Montana Citizens for I-182 Launch Petition Drive
April 19, 2016
HELENA – On Tuesday at a news conference at the Montana Capitol advocates for a new medical marijuana initiative announced their campaign to place Initiative 182 on the November 2016 ballot.
“Montanans want a responsible, accountable law allowing access to medical marijuana to those with debilitating illnesses,” said Jeff Krauss, republican, three-term mayor of Bozeman, current city commissioner, cancer survivor, CPA, former Montana Regent, and Treasurer for Montana Citizens for I-182. “Our friends and loved ones suffering from such ailments deserve the choice of safe, legal relief that marijuana provides. With all of the uncertainty, the time is now to make sure those who need medical marijuana have access.”
Initiative 182 is one of four ballot issues related to marijuana that is seeking support from Montanans to be on the 2016 ballot. I-182 is the only initiative that addresses medical marijuana access. One ballot proposal would repeal the current medical marijuana law and make marijuana use totally illegal in Montana, while two others would provide for recreational use of marijuana.
“I know from my personal experience with others fighting cancer we need safe access to medical marijuana. I am a supporter of I-182 and I encourage all Montanans to get behind this important effort, “said Katie Mazurek, a 33-year-old attorney and mother of two from Bozeman, who was diagnosed with stage 3 breast cancer in February. Her personal fight with cancer led her into the statewide fight over the future of medical marijuana in Montana.
“Tomorrow I go in for my second round of chemo, which will send me into another week of pain, nausea and exhaustion. Unfortunately my story is not unusual and it’s fair to say that most Montanans have been touched by cancer in some way. Medical marijuana offers relief to cancer patients undergoing chemotherapy, but legislation from five years ago now threatens to take that option away from patients like me. I’m not a bad person. I’m a sick person. It pains me to be persecuted for being a sick person.”
To learn more about Mazurek’s fight with cancer go to her blog https://katieovercancer.com/.
I-182 needs to collect 24,175 valid signatures from at least 34 legislative house districts before Friday June 17th, 2016.
In 2004, 64% of Montana voters passed a law creating a medical marijuana program but the Montana Legislature repealed the act in 2011 and replaced it with a new law that fails to meet patient’s needs. According to the sponsors, the new medical marijuana initiative, I-182, addresses concerns over the previous law and ensures accountability to all Montanans by:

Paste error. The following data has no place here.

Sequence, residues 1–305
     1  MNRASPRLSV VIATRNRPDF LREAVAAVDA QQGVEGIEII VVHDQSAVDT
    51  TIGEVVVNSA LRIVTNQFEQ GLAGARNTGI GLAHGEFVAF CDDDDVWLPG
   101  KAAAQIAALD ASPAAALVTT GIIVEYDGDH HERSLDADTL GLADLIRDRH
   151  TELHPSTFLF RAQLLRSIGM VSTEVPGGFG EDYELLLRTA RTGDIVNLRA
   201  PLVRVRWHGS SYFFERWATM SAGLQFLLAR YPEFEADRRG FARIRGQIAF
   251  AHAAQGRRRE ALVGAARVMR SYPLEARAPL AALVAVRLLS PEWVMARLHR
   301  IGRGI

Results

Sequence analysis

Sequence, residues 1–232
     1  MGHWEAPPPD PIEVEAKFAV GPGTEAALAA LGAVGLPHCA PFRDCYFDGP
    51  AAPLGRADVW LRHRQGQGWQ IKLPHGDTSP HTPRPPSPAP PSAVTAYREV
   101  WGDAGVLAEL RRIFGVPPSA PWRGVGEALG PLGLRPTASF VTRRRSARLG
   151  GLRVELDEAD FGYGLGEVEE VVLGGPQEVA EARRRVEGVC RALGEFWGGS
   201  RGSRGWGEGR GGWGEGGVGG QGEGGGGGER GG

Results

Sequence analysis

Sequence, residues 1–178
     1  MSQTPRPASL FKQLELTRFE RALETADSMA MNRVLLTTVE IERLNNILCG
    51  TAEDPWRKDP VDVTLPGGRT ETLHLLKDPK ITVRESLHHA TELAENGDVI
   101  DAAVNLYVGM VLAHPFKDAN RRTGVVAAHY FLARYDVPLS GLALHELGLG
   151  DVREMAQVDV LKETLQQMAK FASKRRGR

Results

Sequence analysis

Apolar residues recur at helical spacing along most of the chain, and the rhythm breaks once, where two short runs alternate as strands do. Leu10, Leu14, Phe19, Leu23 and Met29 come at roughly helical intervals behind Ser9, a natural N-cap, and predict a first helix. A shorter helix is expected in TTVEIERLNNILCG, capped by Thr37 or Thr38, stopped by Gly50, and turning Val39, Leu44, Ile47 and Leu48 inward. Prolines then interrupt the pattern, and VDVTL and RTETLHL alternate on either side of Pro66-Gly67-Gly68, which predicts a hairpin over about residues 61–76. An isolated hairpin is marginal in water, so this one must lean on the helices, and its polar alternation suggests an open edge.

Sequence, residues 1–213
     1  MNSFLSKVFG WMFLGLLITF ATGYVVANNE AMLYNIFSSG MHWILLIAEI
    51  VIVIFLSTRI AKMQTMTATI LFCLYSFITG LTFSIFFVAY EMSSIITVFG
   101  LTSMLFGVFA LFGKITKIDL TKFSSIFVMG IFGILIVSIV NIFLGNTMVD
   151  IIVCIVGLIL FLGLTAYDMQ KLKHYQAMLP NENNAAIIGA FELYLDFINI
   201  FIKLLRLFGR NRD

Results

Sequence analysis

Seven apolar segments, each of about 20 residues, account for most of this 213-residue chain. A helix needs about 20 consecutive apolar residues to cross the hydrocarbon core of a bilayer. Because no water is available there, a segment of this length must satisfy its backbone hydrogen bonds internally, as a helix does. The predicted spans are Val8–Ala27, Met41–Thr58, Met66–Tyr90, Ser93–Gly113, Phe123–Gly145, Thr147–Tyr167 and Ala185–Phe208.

- Requiring providers obtain licenses and receive unannounced yearly inspections.
- Allowing for product testing to ensure safety, consistency and accurate dosages.
- Providing access to veterans and other patients diagnosed with post-traumatic stress disorder (PTSD).
- Removes the three person patient limit for providers.
- Creates licensing fees to pay for the administration of the new law.
“As a veteran and an advocate for medical marijuana I support providing access to medical marijuana for veterans and other patients diagnosed with post-traumatic stress disorder (PTSD),” said Tayln Lang, a Marine Corps veteran from Missoula who has been diagnosed with PTSD.
“Veterans suffering from PTSD are often put on prescriptions for antidepressants and opiate painkillers. This cocktail of drugs has been shown to increase risk of suicide. That’s why veterans’ access to medical marijuana is so important. It offers relief through a safer alternative. It’s important to take care of our veterans who have given so much. This new marijuana initiative will honor our vets with a safe, responsible approach that provides veterans access to the medicine they need.”
The issue of veterans’ access to medical marijuana has even garnered strong bi-partisan support at the federal level with both Montana Senators Daines (R) and Tester (D) endorsing legislation that is pending before Congress to allow VA doctors to recommend medical marijuana for veterans in the current 23 states that have adopted medical marijuana laws.